A negotiated loan means that the loan was arranged between a bank and a borrower. The bank must approve the borrower through an underwriting process and, if approved, the lender will finance the loan at the close of the mortgage. The broker will charge a fee for the services provided. A broker can work independently or with a brokerage firm.
Mortgage brokers research loan options and negotiate with lenders on behalf of their customers. A broker can also obtain the buyer's credit reports, verify income and expenses, and coordinate all loan documentation. A lender is a financial institution that lends directly to you. A broker doesn't lend money.
A broker can work with many lenders. You can check if a mortgage broker is licensed through the Nationwide Mortgage Licensing System and Registry. The broker's fee (normally paid by the lender) varies, but generally ranges from 0.50 to 2.75 percent of the principal of the loan. A mortgage broker has access to more lenders and mortgage products than a bank loan officer, which is limited to mortgages offered by the bank.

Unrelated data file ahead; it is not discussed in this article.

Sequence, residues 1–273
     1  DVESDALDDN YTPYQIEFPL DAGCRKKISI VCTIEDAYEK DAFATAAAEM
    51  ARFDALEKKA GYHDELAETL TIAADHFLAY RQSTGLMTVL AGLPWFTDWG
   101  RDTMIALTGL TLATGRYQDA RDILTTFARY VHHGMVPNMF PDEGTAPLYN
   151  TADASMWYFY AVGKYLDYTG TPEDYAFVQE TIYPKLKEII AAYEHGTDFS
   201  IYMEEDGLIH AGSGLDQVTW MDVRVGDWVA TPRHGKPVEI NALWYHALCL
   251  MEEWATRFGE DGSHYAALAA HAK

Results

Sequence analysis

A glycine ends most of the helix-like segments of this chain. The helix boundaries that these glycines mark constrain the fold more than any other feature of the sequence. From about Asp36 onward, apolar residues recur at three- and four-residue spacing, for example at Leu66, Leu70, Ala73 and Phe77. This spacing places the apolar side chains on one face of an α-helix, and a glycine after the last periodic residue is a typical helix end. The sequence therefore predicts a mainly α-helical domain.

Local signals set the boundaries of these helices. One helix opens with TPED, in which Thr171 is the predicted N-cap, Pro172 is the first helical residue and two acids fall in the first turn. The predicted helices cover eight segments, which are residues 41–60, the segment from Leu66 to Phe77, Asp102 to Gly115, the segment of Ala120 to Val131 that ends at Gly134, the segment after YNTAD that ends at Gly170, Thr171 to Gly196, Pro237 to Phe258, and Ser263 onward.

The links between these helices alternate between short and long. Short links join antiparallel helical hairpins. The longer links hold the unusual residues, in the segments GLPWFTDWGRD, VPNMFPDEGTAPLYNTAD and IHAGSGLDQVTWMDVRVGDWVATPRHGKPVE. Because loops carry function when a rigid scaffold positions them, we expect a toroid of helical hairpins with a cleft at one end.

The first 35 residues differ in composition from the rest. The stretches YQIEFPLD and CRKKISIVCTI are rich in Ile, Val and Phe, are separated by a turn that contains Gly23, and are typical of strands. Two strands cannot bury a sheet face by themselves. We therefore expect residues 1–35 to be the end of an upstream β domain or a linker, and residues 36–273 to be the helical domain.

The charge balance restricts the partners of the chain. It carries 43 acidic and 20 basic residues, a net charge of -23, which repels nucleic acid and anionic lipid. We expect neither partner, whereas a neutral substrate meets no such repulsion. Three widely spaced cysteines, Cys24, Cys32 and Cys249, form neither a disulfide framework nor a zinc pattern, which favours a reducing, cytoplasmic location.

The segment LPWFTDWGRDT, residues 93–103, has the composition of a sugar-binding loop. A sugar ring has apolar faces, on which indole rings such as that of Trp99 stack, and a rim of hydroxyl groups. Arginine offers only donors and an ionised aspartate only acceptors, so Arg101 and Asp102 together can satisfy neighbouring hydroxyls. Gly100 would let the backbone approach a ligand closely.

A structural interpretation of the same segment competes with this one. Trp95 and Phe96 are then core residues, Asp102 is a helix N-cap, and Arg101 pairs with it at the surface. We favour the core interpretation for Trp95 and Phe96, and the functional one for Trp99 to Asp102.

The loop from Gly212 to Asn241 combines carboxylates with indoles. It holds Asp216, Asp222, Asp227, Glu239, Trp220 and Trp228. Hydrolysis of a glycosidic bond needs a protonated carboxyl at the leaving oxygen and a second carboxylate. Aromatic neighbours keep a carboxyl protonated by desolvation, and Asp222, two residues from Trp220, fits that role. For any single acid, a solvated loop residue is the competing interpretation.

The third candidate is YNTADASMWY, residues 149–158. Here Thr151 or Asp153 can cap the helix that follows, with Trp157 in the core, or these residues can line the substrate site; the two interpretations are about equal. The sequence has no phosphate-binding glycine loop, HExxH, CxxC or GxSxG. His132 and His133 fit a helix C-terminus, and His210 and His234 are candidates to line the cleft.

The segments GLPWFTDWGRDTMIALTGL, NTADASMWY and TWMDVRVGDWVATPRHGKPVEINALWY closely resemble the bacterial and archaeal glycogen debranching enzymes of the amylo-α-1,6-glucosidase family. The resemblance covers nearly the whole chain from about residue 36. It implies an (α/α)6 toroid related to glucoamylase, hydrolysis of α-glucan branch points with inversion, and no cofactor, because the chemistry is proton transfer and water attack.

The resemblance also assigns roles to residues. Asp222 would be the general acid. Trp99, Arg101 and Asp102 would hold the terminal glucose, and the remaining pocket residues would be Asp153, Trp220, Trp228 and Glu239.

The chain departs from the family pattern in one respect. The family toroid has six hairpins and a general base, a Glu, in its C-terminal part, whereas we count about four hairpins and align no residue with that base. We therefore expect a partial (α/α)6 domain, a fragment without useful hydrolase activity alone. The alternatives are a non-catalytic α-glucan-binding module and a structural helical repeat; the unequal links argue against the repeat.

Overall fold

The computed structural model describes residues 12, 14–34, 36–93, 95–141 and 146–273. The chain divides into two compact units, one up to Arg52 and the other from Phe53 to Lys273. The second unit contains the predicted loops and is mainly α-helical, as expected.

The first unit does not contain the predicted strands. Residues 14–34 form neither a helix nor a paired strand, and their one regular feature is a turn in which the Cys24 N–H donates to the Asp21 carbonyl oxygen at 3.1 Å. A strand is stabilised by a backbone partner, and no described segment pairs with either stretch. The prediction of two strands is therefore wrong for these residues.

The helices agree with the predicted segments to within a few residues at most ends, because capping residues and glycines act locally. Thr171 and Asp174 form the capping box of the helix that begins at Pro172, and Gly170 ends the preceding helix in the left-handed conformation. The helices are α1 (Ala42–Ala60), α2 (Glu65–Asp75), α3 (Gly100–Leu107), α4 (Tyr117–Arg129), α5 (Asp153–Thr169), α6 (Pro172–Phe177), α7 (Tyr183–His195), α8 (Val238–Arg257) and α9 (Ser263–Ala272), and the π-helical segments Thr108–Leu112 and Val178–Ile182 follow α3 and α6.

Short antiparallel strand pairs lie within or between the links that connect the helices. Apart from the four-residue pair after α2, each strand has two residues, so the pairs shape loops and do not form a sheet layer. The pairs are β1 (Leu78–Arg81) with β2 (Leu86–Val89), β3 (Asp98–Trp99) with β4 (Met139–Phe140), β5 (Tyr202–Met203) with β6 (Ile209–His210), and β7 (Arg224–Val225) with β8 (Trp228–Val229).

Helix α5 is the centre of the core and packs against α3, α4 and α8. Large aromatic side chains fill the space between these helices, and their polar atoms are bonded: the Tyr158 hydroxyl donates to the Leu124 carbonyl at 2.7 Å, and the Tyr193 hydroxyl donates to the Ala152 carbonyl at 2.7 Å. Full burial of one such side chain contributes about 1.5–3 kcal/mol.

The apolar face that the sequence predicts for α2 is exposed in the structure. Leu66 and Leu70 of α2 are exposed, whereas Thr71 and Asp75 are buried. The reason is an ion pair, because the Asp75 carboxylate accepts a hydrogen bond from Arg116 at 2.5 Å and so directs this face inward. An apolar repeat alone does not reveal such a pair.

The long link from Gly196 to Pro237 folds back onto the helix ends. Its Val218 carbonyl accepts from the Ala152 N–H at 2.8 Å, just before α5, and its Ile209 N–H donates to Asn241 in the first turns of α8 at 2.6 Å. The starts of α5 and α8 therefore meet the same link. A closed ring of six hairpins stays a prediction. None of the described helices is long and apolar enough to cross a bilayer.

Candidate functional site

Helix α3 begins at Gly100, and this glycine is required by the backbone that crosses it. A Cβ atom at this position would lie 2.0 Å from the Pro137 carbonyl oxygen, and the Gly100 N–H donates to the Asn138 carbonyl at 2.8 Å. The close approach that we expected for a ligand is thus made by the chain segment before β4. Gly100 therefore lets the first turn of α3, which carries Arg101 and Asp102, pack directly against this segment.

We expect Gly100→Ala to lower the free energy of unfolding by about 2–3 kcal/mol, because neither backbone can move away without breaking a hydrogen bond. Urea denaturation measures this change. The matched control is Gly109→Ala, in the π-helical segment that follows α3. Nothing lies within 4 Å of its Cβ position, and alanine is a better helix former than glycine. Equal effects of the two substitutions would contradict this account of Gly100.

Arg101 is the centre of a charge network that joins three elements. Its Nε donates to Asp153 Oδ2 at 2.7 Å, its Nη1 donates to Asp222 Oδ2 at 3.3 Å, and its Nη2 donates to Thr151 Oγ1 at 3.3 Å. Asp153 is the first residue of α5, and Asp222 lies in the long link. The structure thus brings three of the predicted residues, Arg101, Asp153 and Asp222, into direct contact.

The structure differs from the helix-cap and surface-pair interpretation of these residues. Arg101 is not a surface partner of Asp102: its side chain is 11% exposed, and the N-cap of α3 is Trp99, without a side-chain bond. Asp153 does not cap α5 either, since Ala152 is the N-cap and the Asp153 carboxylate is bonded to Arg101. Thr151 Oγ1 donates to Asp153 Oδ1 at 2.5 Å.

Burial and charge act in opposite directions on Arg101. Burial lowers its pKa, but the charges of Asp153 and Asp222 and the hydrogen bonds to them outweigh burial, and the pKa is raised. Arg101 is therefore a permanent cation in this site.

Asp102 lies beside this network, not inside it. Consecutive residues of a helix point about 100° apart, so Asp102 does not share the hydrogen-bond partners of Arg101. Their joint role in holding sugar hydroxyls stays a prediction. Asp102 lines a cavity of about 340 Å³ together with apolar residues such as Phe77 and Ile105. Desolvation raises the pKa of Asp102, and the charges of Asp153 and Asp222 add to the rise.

Most mortgage brokers have a group of lenders they work with, and not all brokers work with the same lenders. Mortgage brokers once had a risky reputation, so it's no surprise that many people are still hesitant to use them. To do this, a mortgage broker sits down with his clients to assess their needs and their financial situation. Borrowers who use a mortgage broker get the benefit of a more personal experience and of having a licensed professional do the preliminary work for them.
If you're looking for an FHA loan or a VA loan, for example, a mortgage broker who has experience working with those loans can simplify the process for you. If you prefer not to receive dozens of calls from mortgage brokers, you can search for them directly through sites that bring together local and independent mortgage brokers from across the country. Working with a mortgage broker to navigate today's market can be a good decision, especially for first-time homebuyers. If you're buying a home or refinancing it, an agent can help you find the best mortgage for your particular needs and situation.
As mentioned above, some lenders work exclusively with mortgage brokers and some brokers work exclusively with specific lenders. Ideally, you should find your mortgage broker on the recommendation of a friend, family member or co-worker, but if not, it's wise to check references. Brokers are also responsible for communication between borrowers and lenders during the application and approval process. People who are less qualified buyers or who buy less traditional properties will find it easier to find loans for which they can be approved through a mortgage broker than through individual direct lenders with generally stricter approval criteria.